Migration is explicitly recognised in the 2030 Agenda as a transformational force for attaining the Sustainable Development Goals. However, this is only possible with safe and regular pathways for migration. Switzerland is therefore strongly committed to the formulation of international guidelines in multilateral dialogue. What has Switzerland achieved to date, and what added value does it bring to the international process? Interview with Pietro Mona, Swiss Ambassador for Development, Forced Displacement and Migration.
"At the forefront of the global migration dialogue thanks to our experience and strong partners"
What is global migration governance, and how has Switzerland contributed to it?
Global migration governance seeks to give all states a common framework for closer international cooperation based on shared principles and goals. This is necessary if we are to address the challenge but also better harness the potential of migration for the economic, social and cultural development of both countries of origin and destination. Switzerland has called for such a framework for years and has often taken a leading role. In 2001, for example, Switzerland launched the first multilateral migration process, the Berne Initiative. Subsequently, we were heavily involved in shaping the Global Forum on Migration and Development, until now the only global platform for dialogue and cooperation in migration, and took the chair in 2011. One of the highlights and greatest successes of our multilateral diplomacy was the incorporation of migration as a key topic in the 2030 Agenda for Sustainable Development. These developments brought about a twofold shift in global thinking: migration was increasingly being discussed in a more positive light, and states began to recognise the benefit of international cooperation. This new approach led to initiatives such as the UN Global Compact for Migration (GCM). Set to be formally adopted in December 2018, the Global Compact for Migration (GCM) will be the first global cooperation framework on migration. Switzerland was also instrumental in this process, not least through its UN ambassador in New York co-facilitating the negotiations.
What are Switzerland's strengths when engaging in the international dialogue?
A number of factors contribute to Switzerland's added value and often prominent role in the international dialogue on migration.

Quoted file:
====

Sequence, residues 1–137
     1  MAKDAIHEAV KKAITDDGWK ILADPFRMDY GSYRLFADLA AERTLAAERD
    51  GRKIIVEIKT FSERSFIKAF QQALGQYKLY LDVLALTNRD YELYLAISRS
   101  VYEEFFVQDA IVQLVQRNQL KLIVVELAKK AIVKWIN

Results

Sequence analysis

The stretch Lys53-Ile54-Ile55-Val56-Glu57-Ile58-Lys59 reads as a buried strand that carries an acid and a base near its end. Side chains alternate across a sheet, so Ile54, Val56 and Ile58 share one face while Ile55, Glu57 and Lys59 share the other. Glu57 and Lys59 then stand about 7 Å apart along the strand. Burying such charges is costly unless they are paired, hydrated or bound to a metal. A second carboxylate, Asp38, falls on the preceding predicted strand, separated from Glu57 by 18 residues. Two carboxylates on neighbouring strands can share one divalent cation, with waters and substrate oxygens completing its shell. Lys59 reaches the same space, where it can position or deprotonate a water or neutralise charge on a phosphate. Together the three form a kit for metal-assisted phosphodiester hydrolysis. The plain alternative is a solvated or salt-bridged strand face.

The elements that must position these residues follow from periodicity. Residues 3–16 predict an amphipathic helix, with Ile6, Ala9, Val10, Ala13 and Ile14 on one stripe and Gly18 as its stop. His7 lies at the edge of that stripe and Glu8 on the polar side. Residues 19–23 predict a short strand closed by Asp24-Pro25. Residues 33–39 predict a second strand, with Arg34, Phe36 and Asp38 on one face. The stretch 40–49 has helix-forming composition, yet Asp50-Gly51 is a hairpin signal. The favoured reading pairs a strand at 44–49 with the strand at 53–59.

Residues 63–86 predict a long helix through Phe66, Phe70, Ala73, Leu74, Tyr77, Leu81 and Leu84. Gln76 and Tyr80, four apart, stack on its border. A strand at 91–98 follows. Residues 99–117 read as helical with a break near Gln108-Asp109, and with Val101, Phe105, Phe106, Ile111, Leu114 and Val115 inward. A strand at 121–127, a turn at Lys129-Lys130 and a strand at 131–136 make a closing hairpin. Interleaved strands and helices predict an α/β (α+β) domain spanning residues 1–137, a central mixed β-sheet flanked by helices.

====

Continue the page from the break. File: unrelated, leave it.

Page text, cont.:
First, there's our continuity: for years Switzerland has advocated stronger global migration governance as a clear and transparent objective. Such continuity makes us a very reliable partner.
Second, our experience: our leading role in the international dialogue on migration is founded on Switzerland's tangible experience as well as our partnerships and programmes abroad. Our opinion holds more weight when we can refer to specific cases, such as our experience with an NGO in Sri Lanka, for example.
Third, our coordination: our multilateral engagement is always coordinated among the different federal government departments. As the head of delegation in the negotiations on the Global Compact for Migration (GCM), I received input from multiple sources, such as the FDFA's Directorate of International Law, the Border Guard and the Federal Office of Public Health. This strengthened my negotiating position and the force of my arguments.
And fourth, another important factor is our partnerships: we constantly seek to secure partnerships with other states but also with non-state actors such as civil society or the private sector. Switzerland also intends to cooperate more with cities of migration, as most migration is towards urban centres. We are thus expanding our network so as to exchange information, coordinate our efforts and reach common goals.
Parliament has decided that Switzerland's engagement in international cooperation should be more closely aligned with the country's migration interests. Is this approach also taken in the international dialogue on migration?
Absolutely. One of the 23 objectives set out in the Global Compact for Migration (GCM) is devoted to this approach focusing on the impact of international cooperation on irregular and forced migration. The Global Compact for Migration (GCM) proposes a range of measures in relation to sustainable development, the intersection between humanitarian aid and development cooperation, human rights and peace support, as well as in relation to climate change and natural disasters. It therefore concurs with the broader Swiss approach, which we adhere to in response to Parliament's call for closer linkage.
Still, we have to be realistic. We cannot – from one day to the next – change the structural circumstances and reasons causing people to move away from their homelands. There are other factors at play apart from international cooperation: the responsibility of the countries of origin, the role of the private sector and – especially in conflict situations – the willingness to find political solutions. If all of these factors can be brought together, leading to safer and more orderly migration, the vast potential that migration holds for sustainable development can be harnessed for the benefit of both countries of origin and destination.